Unusual Activities Detected at North Korea's Main Airport Hangar

The recent satellite surveillance has revealed unusual activities at North Korea's main airport hangar.
Illustation (SHUTTERSTOCK)
Illustation (SHUTTERSTOCK)

The recent satellite surveillance has revealed unusual activities at North Korea's main airport hangar. According to the monitoring group 38North, this is likely a sign of Pyongyang's intention to resume international flights. North Korea closed its borders since early 2020 as a measure to combat the COVID-19 pandemic, resulting in the cancellation of all flights.

However, the country, led by Kim Jong Un, has recently resumed some cross-border trade with China via railway. The North recently allowed entry to the newly appointed Chinese Ambassador but has yet to resume regular international travel. Several passenger jets operated by North Korea's Air Koryo have been observed moving through the maintenance hangar at Sunan International Airport since early May, as reported by the 38North website, citing satellite images. Such aircraft have been rarely undergoing maintenance over the past three years, making the recent surge in activity highly noticeable. 38North further noted that there have been no confirmed cross-border air travels throughout the entire COVID-19 pandemic period. "It is unusual to service a significant number of aircraft within a short period," added 38North, cautioning that the airport's busyness does not guarantee the imminent resumption of air travel. Speculations about the potential reopening of North Korea escalated after the arrival of the new Chinese Ambassador in Pyongyang to begin his official duties last month, more than two years after his appointment.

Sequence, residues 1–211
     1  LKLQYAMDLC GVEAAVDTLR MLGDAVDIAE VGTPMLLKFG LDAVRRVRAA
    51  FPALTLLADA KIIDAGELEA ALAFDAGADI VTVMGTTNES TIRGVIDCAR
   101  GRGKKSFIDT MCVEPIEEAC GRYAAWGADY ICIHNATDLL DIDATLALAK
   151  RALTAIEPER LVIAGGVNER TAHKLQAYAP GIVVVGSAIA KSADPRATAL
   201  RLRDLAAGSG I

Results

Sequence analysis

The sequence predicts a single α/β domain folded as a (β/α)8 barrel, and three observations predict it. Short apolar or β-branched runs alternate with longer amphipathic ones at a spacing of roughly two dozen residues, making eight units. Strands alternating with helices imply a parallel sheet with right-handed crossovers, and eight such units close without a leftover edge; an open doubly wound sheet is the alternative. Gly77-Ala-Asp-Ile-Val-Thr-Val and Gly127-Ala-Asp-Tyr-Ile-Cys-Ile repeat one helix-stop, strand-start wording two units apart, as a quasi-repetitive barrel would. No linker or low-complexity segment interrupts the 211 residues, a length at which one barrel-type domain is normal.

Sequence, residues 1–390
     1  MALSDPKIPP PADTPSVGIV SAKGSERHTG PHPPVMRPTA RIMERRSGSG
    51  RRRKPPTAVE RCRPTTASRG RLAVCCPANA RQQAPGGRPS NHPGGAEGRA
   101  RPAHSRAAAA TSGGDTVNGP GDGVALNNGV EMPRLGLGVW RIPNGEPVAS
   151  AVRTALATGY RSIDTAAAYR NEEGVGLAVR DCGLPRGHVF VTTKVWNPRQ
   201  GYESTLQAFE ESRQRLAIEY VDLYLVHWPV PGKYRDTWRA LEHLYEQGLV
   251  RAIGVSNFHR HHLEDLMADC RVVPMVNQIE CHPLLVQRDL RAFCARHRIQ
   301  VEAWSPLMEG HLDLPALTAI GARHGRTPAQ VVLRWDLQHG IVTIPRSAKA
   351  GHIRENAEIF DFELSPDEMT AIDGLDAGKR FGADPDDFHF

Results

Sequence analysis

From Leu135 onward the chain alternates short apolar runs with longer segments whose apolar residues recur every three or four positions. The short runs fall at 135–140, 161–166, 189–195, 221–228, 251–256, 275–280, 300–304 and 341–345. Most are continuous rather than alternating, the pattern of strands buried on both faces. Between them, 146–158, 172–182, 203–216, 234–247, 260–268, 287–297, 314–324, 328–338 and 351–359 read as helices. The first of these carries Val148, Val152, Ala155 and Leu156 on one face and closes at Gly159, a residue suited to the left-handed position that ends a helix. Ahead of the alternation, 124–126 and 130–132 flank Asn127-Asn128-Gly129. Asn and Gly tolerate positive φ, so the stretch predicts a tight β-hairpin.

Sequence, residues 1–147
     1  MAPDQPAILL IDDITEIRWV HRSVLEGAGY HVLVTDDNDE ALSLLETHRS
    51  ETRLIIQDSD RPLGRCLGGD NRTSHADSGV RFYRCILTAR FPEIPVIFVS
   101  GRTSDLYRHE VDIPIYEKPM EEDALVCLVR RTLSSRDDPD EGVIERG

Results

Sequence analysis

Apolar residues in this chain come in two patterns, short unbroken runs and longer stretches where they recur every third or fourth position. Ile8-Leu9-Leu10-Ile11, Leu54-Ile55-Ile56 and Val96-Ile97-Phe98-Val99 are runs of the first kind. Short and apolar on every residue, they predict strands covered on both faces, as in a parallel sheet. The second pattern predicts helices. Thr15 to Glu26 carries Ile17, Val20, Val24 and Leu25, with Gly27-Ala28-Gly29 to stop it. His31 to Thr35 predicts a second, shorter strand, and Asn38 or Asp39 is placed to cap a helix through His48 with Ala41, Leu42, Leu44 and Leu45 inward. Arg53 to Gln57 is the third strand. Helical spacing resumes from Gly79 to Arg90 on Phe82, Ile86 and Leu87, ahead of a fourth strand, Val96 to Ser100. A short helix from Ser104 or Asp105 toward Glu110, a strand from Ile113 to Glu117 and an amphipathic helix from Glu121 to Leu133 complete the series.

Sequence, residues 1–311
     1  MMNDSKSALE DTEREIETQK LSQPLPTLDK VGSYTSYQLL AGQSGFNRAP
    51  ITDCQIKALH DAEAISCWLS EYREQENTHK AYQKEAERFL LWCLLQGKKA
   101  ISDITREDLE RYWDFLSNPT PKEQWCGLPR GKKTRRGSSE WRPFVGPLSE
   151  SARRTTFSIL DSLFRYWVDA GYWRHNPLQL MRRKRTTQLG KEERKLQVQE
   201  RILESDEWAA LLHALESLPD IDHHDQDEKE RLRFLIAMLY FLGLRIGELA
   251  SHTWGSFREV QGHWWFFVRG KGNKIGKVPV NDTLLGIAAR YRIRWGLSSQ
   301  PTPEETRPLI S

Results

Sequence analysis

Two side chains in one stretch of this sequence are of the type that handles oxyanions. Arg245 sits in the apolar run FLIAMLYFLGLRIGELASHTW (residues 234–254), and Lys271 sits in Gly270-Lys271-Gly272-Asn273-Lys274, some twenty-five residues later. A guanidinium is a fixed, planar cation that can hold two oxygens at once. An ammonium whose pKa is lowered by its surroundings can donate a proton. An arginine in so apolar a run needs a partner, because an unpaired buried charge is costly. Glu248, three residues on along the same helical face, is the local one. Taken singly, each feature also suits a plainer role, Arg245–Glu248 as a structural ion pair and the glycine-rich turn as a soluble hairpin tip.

One Chinese travel agency is also reportedly preparing to reintroduce tours to North Korea in mid-June 2023, according to Seoul-based North Korea specialist website NK News. NK News added, "False rumors of the reopening have circulated near the border for months." Another diplomat from countries present in North Korea told NK News that they have no information regarding the possibility of staff rotation within or outside Pyongyang.

"Global tourism is one of the sectors that Pyongyang has always been interested in, as it allows for the easy conversion of foreign currencies," said Hong Min, a researcher at the Korea Institute for National Unification, to AFP. According to him, it is not impossible for some North Korean tours to resume this year.

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